Gastroparesis

The Invisible Pain

Dealing with Questions

     When you have Gastroparesis you are bound to be asked questions that, to you, are very personal in nature and hear comments that are unintentionally cruel in nature.

     What we have to remember is that questions are asked not to put us on the spot but because the asker simply does not know the answer and is curious about a condition that they have probably never heard of before and comments made are not made to hurt but because they simply do not know that what they are saying is hurtful.

"How bad can it really be?  It is just a stomach ache."

     At one time or another you will probably be faced with this question combines with the statement "It is just a stomach ache" and more than likely your first reaction will be angry and defensive.

     Gastroparesis is not 'just a stomach ache' and we know this... but they don't.

     It helps to be prepared for situations like this in advance so that you can explain what Gastroparesis is in a calm non-confrontational manner.  Instead of seeing this as an intrusion to your privacy see it as a chance to help spread the word about Gastroparesis with good information in a calm manner.

     A good way to answer this is to say-

     "It can be very bad... Gastroparesis means that my stomach does not have normal muscle movements meaning that food is not ground by my stomach effectively so that my intestines cannot break it down and absorb nutrients.  Another problem is that my stomach does not empty as fast as normal stomachs so I get full very early when I do eat and the food can sit there so long that it actually begins to rot in my stomach.  This all means that I am almost always nauseous from the food sitting there and rarely hungry because my stomach empties so slowly.  It is like slowly starving in front of a buffet because I do not get the nutrients I need from the food I am able to eat.  People with Gastroparesis may need feeding tubes placed in through their abdomen straight into their small intestine to by-pass the stomach or IV feeding... there is even a pacemaker much like the ones made for the heart that they can now put in some sufferers that uses electrical currents to make the stomach muscles contract."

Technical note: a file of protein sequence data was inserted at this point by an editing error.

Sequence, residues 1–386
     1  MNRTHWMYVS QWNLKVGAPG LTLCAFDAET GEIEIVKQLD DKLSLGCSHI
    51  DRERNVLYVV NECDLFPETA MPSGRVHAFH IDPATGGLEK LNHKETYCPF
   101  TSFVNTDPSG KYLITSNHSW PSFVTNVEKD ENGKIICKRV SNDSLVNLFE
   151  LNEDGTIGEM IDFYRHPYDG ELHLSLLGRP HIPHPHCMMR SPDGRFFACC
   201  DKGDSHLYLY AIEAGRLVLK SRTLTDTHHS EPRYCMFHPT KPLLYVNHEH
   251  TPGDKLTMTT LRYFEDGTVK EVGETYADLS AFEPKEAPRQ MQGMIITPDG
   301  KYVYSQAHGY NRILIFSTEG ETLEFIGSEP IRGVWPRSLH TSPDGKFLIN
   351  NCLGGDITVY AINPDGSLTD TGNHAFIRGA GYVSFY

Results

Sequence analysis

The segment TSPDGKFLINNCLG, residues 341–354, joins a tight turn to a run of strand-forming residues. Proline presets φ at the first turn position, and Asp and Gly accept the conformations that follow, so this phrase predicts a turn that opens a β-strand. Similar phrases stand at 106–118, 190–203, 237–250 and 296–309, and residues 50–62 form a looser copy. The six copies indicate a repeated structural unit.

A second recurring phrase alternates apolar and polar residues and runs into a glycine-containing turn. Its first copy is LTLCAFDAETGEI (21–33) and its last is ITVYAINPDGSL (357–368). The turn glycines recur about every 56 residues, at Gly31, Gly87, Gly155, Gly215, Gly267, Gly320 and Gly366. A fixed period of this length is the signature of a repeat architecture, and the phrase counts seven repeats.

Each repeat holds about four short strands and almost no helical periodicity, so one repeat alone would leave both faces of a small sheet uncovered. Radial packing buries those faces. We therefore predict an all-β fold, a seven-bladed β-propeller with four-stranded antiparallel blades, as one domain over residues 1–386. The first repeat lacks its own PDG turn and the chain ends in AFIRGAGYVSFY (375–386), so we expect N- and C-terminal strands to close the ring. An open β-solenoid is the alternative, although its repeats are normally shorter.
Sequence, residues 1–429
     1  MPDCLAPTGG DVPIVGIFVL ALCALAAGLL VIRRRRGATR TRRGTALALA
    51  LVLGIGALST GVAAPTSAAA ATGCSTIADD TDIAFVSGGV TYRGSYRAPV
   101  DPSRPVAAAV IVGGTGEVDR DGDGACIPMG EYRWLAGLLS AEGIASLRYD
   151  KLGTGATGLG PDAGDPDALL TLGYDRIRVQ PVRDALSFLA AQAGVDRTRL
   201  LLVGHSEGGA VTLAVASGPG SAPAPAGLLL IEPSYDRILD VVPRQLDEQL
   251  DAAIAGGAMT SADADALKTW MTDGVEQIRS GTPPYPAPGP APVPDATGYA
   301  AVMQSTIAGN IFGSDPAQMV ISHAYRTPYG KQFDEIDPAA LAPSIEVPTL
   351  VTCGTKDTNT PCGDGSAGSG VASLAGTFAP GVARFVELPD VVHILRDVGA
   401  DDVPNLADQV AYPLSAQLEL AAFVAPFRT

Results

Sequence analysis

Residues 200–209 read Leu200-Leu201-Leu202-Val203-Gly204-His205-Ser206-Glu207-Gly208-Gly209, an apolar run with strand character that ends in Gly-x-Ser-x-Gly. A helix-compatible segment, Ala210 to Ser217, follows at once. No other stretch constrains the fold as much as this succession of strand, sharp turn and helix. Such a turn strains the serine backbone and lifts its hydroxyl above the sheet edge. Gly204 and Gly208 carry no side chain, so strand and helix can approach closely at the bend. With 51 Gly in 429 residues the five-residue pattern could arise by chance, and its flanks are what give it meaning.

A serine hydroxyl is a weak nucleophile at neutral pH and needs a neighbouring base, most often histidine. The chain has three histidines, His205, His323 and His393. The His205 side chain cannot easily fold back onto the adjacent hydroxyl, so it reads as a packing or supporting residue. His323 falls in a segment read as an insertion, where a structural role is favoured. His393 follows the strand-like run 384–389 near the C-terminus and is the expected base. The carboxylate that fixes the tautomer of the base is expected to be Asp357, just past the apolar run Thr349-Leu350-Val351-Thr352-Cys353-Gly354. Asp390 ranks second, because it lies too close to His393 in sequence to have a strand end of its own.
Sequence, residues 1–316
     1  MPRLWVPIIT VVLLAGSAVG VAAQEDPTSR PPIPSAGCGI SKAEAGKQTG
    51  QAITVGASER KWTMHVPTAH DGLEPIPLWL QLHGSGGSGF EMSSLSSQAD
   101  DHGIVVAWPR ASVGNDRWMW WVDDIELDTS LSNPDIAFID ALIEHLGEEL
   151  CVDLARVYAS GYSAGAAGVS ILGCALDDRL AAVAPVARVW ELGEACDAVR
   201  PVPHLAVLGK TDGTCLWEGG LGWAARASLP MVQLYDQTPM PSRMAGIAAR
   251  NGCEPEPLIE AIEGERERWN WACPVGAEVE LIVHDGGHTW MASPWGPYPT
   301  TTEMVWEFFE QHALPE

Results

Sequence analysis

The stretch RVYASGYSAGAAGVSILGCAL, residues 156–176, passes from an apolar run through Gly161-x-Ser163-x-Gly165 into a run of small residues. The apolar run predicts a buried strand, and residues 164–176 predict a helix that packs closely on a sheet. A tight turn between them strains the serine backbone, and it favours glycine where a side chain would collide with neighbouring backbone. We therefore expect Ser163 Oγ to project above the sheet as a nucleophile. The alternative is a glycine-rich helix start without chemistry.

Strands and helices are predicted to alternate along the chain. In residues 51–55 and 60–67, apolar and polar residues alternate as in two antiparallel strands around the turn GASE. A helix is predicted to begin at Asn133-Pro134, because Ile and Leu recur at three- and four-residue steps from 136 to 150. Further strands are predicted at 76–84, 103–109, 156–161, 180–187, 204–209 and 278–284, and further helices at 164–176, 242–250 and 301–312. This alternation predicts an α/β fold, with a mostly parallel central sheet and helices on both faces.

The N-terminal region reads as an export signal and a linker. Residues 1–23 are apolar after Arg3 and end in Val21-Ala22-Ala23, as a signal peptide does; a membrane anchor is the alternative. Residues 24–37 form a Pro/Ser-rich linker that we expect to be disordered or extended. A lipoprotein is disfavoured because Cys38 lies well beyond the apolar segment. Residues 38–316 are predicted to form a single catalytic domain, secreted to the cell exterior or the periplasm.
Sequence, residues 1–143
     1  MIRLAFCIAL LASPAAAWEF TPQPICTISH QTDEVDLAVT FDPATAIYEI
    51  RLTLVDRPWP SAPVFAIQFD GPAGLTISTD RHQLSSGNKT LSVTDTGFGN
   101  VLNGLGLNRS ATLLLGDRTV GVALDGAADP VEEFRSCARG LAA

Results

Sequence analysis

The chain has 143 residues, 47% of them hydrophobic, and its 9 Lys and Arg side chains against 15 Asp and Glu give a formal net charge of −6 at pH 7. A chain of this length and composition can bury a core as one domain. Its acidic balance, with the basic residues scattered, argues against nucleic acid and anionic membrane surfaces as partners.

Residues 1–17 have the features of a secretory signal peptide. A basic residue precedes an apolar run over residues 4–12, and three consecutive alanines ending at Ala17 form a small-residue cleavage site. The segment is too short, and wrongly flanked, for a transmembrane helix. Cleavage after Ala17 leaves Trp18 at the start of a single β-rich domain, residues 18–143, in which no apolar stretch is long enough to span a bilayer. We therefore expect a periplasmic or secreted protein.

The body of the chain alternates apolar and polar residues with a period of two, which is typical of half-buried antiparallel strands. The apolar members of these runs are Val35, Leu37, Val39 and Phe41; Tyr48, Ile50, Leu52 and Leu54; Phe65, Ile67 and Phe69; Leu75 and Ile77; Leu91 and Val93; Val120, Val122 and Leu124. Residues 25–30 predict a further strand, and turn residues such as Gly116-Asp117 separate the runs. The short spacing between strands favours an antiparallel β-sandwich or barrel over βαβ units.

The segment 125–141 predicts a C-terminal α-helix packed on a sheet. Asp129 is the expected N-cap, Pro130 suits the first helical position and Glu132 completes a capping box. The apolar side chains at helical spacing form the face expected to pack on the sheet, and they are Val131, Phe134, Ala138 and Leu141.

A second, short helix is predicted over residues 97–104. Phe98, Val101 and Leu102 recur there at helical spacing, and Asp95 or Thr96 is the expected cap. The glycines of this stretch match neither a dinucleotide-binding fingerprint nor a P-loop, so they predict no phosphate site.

"Gee, I wish I could catch that for a while so I could lose some weight so easily"

     This comment can blindside us at times and while they do not mean it to hurt us it can really anger us because we know from personal experience that we would not wish this condition on our worst enemy and they want it?

     This is another case of the person talking not having an understanding of Gastroparesis and just how horrific it can be to the sufferer.

     Something you could say would be-

     If your feet are sore from new shoes would you tell someone that is paralized that you wish you were paralized for a while so your feet would stop hurting?  Of course you wouldn't, because all you would really have to do is take off the shoes.  I know that you do not mean to belittle what I have, but that really hurts.  Gastroparesis is a lifelong condition, I can't stop having it and I can't make it go away.  Immagine having the stomach flu for the rest of your life knowing that there is nothing you can do about it and every bite you take could cause you to be in pain for days.

"Just try a bite... just a taste can't hurt"

     This is a common comment heard at family functions and we were all raised to be polite and try a bite of everything because we know that people put alot of love and effort into making special dishes and if we refuse their feelings could be hurt.